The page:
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Thread: Sacred music? Hymns or hers?

  1. #16
    Senior Member science's Avatar
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    My own favorite is Marie Keyrouz' "Chant Byzantin" album, beginning to end. If God puts me in charge of the music in heaven (or wherever I am), that will be on repeat for at least the first eleventy-nine trillion years. (Eternity is a long time, especially near the end. I believe credit for that gem goes to Vonnegut.)

    In the western tradition, my favorites include Bach's "Ich habe genug" cantata #82, Mozart's Requiem (especially the "Requiem"), Szymanowski's Stabat Mater, Brumel's "earthquake" mass, Tallis' Spem in Alium, Brahms' German Requiem (especially the "Denn alles Fleisch") and Allegri's Miserere.

    Right up there would be Pergolesi's Stabat Mater, Penderecki's St. Luke Passion, Zelenka's Missa Votiva, Bach's Mass, Victoria's Requiem, Buxtehude's Membra Jesu Nostri, Mozart's "Great" Mass, and Schutz' Christmas Story. Edit: And Gombert's Magnificats.
    Last edited by science; Aug-11-2012 at 09:20.
    Liberty for wolves is death to the lambs.

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    Senior Member science's Avatar
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    No one has heard of Jan Jirasek, but I have a recording of his "Missa Propria" on a CD titled "Renaissance of Humanity," and it is a favorite too.
    Liberty for wolves is death to the lambs.

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    I love Ligeti's Reqiuem, but one non-Ligeti work that I hum along to is Bach's St. John Passion.

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    Senior Member elgars ghost's Avatar
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    I like plenty of choral works but, apart from bits of liturgical text in Latin, I can never remember the words if they aren't sung in English. Therefore I can only hum the 'for all flesh it is as grass(?)' section from Brahms' German Requiem if I don't have the German text to hand.

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    Senior Member crmoorhead's Avatar
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    Quote Originally Posted by elgars ghost View Post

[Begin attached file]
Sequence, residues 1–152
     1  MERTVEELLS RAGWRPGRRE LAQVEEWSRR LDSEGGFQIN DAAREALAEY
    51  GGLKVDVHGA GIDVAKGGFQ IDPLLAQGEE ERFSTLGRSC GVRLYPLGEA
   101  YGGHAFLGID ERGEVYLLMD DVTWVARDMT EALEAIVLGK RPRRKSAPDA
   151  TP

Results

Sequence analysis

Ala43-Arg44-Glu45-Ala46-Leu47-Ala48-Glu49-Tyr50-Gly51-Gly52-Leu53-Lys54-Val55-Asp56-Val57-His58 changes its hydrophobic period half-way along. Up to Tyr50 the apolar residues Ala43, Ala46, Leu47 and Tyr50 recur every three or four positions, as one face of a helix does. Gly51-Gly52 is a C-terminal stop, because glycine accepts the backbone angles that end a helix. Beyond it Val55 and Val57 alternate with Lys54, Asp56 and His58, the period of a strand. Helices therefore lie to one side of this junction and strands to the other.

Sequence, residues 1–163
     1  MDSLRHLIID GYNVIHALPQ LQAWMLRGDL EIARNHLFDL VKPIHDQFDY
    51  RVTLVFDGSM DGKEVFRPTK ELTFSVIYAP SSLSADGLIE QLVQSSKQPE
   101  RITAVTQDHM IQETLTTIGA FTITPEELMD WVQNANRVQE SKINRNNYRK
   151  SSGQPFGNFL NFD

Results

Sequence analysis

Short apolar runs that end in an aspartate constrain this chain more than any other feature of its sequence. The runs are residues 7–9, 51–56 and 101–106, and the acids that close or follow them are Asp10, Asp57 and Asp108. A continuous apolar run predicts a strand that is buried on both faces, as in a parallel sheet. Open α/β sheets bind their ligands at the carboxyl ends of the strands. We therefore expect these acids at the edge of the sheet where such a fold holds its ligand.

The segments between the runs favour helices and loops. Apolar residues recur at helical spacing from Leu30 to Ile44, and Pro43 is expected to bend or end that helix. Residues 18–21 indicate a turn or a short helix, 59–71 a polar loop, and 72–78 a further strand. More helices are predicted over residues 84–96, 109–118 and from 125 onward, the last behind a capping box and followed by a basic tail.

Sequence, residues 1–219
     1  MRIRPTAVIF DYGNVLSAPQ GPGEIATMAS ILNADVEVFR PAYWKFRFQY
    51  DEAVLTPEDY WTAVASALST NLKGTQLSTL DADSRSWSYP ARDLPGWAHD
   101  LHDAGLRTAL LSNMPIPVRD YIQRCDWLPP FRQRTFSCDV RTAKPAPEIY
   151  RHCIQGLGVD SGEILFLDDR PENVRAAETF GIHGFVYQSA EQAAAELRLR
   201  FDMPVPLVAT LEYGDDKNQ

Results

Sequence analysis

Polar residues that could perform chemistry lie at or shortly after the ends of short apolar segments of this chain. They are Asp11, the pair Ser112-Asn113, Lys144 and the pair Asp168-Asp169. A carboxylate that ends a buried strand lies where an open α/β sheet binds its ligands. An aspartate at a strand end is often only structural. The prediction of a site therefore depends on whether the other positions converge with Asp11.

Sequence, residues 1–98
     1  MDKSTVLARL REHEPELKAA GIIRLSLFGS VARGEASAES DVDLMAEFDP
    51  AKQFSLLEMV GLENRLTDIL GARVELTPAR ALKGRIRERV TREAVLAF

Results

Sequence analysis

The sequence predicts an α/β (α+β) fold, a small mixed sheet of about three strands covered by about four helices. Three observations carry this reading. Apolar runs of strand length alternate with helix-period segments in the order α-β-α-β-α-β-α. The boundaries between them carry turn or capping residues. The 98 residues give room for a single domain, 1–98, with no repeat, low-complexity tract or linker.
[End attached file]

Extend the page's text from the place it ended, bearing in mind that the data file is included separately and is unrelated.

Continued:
I like plenty of choral works but, apart from bits of liturgical text in Latin, I can never remember the words if they aren't sung in English. Therefore I can only hum the 'for all flesh it is as grass(?)' section from Brahms' German Requiem if I don't have the German text to hand.
    I am learning more Latin simply from listening to the famous masses! I am not Catholic, so the liturgy was entirely alien to me to begin with. Someday it will all sink in.
    Last edited by crmoorhead; Aug-11-2012 at 19:49.

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    Senior Member Jared's Avatar
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    Quote Originally Posted by StlukesguildOhio View Post
    two very cute Magnificats indeed!
    "My Mother was always far too busy putting the boiled chicken through the deflavouriser to have ever considered committing suicide". Woody Allen, Stardust Memories (1980).

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    Senior Member Jared's Avatar
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    Quote Originally Posted by science View Post
    In the western tradition, my favorites include Bach's "Ich habe genug" cantata #82, Mozart's Requiem (especially the "Requiem"), Szymanowski's Stabat Mater, Brumel's "earthquake" mass, Tallis' Spem in Alium, Brahms' German Requiem (especially the "Denn alles Fleisch") and Allegri's Miserere.

    Right up there would be Pergolesi's Stabat Mater, Penderecki's St. Luke Passion, Zelenka's Missa Votiva, Bach's Mass, Victoria's Requiem, Buxtehude's Membra Jesu Nostri, Mozart's "Great" Mass, and Schutz' Christmas Story. Edit: And Gombert's Magnificats.
    Science, you and I have such very similar tastes, I must admit I find it quite reassuring!
    "My Mother was always far too busy putting the boiled chicken through the deflavouriser to have ever considered committing suicide". Woody Allen, Stardust Memories (1980).

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    Senior Member belfastboy's Avatar
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    “Never wrestle with pigs. You both get dirty and the pig likes it.”
    George Bernard Shaw

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    Senior Member Kevin Pearson's Avatar
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    Quote Originally Posted by crmoorhead View Post
    I am learning more Latin simply from listening to the famous masses! I am not Catholic, so the liturgy was entirely alien to me to begin with. Someday it will all sink in.
    If that does happen you may find yourself a Catholic! lol

    Kevin

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    I have recently come across a magnificent 13-part canon by Robert Wylkynson from the early sixteenth century. It's called Jesus autem transiens / Credo in Deum. Marvellous piece. It's featured on a new Naxos release of music from the Eton Choirbook.

    I also love the opening Kyrie eleison from Bach's B Minor Mass. Difficult to hum, of course, but I try. Also, the Totus Tuus by Górecki, spellbinding piece.

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